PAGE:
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Wednesday, 30 October 2019

A remarkable reinvention: Verdi's Don Carlos in French in Flanders

Verdi: Don Carlos - Opera Vlaanderen (Photo Annemie Augustijns)
Verdi: Don Carlos - the Auto-da-fe scene - Opera Vlaanderen (Photo Annemie Augustijns)
Verdi Don Carlos (1886 Modena version, sung in French); Leonardo Capalbo, Mary Elizabeth Williams, Andreas Bauer Kanabas, Kartal Karagedik, Raehann Bryce-Davis, dir: Johan Simons, cond: Alejo Perez; Opera Vlaanderen at Opera Ghen
Reviewed by Robert Hugill on 27 Oct 2019 Star rating: 4.5 (★★★★½)
Verdi's final thoughts on his Grand Opera, given in a strikingly modern psychological interpretation

Having given us French Grand Opera at its height, with Peter Konwitschny's striking production of Fromental Halevy's La Juive earlier this year [see my review], Opera Vlaanderen has returned to the form with Verdi's Don Carlos, the Italian composer's final, remarkable engagement with French Grand Opera. But the new production of Don Carlos was also an indication of the possible directions for the company, as one of the dramaturges was Jan Vandenhouwe who is the company's new Artistic Director of Opera, whilst the conductor was Alejo Perez, the company's new Music Director.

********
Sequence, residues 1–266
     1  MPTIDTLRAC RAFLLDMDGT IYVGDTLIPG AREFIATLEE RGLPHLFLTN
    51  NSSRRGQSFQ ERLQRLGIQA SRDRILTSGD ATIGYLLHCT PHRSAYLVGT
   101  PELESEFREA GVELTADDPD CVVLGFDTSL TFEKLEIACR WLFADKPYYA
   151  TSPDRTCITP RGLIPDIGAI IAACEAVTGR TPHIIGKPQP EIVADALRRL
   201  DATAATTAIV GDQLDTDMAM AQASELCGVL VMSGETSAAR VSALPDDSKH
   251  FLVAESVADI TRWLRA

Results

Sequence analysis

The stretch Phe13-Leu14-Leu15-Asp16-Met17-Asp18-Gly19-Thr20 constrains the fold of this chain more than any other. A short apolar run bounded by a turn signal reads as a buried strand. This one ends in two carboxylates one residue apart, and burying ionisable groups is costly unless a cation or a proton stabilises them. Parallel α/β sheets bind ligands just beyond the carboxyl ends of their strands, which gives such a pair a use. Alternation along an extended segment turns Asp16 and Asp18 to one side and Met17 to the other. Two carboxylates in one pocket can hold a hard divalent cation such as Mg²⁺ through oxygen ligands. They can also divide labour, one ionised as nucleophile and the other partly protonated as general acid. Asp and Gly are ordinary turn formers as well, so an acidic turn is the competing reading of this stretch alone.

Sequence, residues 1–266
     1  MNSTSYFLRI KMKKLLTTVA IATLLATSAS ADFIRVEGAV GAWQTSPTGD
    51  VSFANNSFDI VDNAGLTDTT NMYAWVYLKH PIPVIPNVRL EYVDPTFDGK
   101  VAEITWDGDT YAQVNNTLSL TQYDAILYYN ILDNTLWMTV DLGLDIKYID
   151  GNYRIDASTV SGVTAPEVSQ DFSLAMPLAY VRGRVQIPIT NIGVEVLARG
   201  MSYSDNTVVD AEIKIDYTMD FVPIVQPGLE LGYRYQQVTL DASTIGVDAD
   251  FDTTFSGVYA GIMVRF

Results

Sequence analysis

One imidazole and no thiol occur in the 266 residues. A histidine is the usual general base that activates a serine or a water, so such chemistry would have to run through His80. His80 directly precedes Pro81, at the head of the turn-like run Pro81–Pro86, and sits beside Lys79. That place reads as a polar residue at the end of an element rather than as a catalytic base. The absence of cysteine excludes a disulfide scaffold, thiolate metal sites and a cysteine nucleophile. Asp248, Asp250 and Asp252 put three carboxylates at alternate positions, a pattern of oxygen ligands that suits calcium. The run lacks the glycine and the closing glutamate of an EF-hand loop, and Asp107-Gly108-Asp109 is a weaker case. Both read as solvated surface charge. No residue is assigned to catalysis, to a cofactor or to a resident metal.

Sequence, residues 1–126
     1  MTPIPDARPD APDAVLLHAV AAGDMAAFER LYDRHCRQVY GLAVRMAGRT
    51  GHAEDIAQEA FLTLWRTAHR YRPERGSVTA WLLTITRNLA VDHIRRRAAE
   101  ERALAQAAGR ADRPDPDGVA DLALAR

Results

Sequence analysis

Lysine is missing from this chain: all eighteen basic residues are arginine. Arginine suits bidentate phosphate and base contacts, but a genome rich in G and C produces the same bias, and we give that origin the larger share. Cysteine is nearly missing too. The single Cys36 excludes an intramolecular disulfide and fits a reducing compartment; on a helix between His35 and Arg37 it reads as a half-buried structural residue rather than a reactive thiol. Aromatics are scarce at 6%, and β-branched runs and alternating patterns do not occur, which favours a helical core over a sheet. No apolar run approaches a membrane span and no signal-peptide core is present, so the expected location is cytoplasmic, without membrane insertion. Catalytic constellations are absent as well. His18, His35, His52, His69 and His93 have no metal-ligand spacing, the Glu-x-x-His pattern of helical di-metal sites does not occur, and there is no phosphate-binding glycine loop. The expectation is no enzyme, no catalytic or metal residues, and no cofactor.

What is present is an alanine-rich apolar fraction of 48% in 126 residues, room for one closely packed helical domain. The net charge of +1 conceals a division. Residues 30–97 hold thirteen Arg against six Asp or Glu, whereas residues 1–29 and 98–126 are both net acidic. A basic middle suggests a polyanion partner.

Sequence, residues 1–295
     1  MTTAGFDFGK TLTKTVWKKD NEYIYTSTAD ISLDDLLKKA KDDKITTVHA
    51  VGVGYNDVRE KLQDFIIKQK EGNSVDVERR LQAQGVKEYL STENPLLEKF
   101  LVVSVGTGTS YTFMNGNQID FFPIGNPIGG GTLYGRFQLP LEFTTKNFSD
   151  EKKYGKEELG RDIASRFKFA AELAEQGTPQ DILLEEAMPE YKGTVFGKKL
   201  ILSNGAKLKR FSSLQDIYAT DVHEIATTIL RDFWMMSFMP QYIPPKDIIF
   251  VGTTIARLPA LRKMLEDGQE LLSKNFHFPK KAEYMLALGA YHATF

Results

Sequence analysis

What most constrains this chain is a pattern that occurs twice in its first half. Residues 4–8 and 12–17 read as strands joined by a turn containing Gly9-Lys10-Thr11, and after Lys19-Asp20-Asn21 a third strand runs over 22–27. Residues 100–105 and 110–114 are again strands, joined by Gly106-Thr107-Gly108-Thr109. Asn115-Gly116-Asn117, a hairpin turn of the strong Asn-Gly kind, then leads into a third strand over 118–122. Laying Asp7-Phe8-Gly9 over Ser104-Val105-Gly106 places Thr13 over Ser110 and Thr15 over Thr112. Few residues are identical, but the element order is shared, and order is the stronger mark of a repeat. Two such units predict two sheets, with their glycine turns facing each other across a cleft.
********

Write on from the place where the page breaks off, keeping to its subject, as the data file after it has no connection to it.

Don Carlos was Verdi's third opera written for the Paris Opera, the third time he attempted to create his own version of French Grand Opera. Don Carlos is a masterpiece, yet undoubtedly when it premiered in 1867 French Grand Opera was going out of fashion. In five acts, it was also very long, from the outset Italian opera companies tended to cut it. Finally, in the 1880s Verdi produced a more compact, revised four-act version. Not just cut, but substantially revised, tightening the musical material and moving the work closer to Italian opera. This version had the virtue of cyclical form, it omitted the original first act (set in Fontainebleau) and so started and finished in the monastery of San Yuste, by the tomb of Emperor Charles V. This has, however, the disadvantage of omitting the scene where we see Carlos and Elisabeth in love and untroubled, before she learns she has been betrothed not to Carlos but to his father Philippe. So Verdi sanctioned a final version, adding a truncated version of the Fontainebleau act to the revised version to create a five-act opera, what is known as the 1886 Modena version.